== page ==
Line Chart documentation

There are many other chart types as well:

Radar Chart

<img src="https://quickchart.io/chart?c={type:'radar',data:{labels:['January','February', 'March','April', 'May'], datasets:[{label:'Dogs',data:[50,60,70,180,190]},{label:'Cats',data:[100,200,300,400,500]}]}}">

Radar Chart documentation

Pie Chart

<img src="https://quickchart.io/chart?c={type:'pie',data:{labels:['January','February', 'March','April', 'May'], datasets:[{data:[50,60,70,180,190]}]}}">

Pie Chart documentation

Doughnut Chart

<img src="https://quickchart.io/chart?c={type:'doughnut',data:{labels:['January','February', 'March','April', 'May'], datasets:[{data:[50,60,70,180,190]}]}}">

Doughnut Chart documentation

Scatter Plot

<img src="https://quickchart.io/chart?c={type:'scatter',data:{datasets:[{label:'Data 1',data:[{x:2,y:4},{x:3,y:3},{x:-10,y:0},{x:0,y:10},{x:10,y:5}]}]}}">

Scatter Chart documentation

Bubble Chart

<img src="https://quickchart.io/chart?c={type:'bubble',data:{datasets:[{label:'Data 1',data:[{x:1,y:4,r:9},{x:2,y:4,r:6},{x:3,y:8,r:30},{x:0,y:10,r:1},{x:10,y:5,r:5}]}]}}">

Bubble is similar to Scatter except that the r variable defines bubble radius in pixels. Bubble Chart documentation

Radial Gauge / "Meter" Charts

<img src="https://quickchart.io/chart?c={type:'radialGauge',data:{datasets:[{data:[70],backgroundColor:'green'}]}}">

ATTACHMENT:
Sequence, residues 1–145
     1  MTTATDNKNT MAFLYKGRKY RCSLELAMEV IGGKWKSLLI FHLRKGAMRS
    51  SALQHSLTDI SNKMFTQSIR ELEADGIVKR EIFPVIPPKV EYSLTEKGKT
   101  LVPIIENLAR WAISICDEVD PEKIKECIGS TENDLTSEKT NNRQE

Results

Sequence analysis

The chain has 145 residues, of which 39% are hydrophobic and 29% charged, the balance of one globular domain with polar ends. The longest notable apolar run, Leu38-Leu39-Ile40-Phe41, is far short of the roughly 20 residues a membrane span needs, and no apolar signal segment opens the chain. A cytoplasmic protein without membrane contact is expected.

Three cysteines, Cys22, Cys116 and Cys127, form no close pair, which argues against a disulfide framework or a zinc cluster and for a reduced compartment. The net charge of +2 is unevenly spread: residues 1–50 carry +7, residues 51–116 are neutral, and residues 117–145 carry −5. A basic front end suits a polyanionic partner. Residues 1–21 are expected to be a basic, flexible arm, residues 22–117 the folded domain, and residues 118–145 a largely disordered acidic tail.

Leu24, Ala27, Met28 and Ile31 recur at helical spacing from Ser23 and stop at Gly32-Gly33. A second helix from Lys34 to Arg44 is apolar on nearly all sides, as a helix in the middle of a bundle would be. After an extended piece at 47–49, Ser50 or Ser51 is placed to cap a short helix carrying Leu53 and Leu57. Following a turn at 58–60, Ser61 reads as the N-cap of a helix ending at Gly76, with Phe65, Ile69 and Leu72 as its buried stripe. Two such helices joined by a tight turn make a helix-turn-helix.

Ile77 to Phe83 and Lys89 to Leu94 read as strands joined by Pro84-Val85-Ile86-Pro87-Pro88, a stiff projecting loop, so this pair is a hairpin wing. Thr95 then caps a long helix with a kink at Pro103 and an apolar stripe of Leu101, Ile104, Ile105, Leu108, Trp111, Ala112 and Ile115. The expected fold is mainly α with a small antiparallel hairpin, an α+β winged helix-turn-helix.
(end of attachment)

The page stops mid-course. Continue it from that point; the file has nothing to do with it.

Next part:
View the options at chartjs-radial-gauge for customization details.


<img src="https://quickchart.io/chart?c={type:'sparkline',data:{datasets:[{data:[140,60,274,370,199]}]}}">

A sparkline is a special case of line graph with axes and other labeling removed. All line graph options can be applied.

You can combine charts together by specifying different "types":

Mixed Charts

<img src="https://quickchart.io/chart?c={type:'bar',data:{labels:['January','February', 'March','April', 'May'], datasets:[{label:'Dogs',data:[50,60,70,180,190]},{label:'Cats',data:[100,200,300,400,500],},{type:'line',fill:false, label:'Potatoes',data:[100,400,200,400,700]}]}}">

QR codes

This web service supports QR code generation. You can render a QR code like so:

https://quickchart.io/qr?text=Here's my text

Remember the URL-encode your text parameter for more complex strings. The QR endpoint produces a PNG image by default. You may optionally set the query parameter format=svg for SVG format.

Specify the whitespace around QR image in modules with query parameter margin (defaults to 4), size in pixels of the square QR image (defaults to 150), and error correction level with ecLevel=M (valid values: L, M, Q, H).

If you'd like to customize the color of your QR code, use dark=000000 and light=ffffff. The parameters must be hex color codes. Here's the same code as above but with slimmer margins, more error protection, and colors:


Using Javascript functions

Simple chart configs are defined using only JSON, but more complex chart configs may include Javascript functions. QuickChart accepts charts containing Javascript.

If you're using a GET request, all you need to do is include your function in the chart definition. If you're using a POST request, make sure you send the chart parameter as a string rather than a JSON object.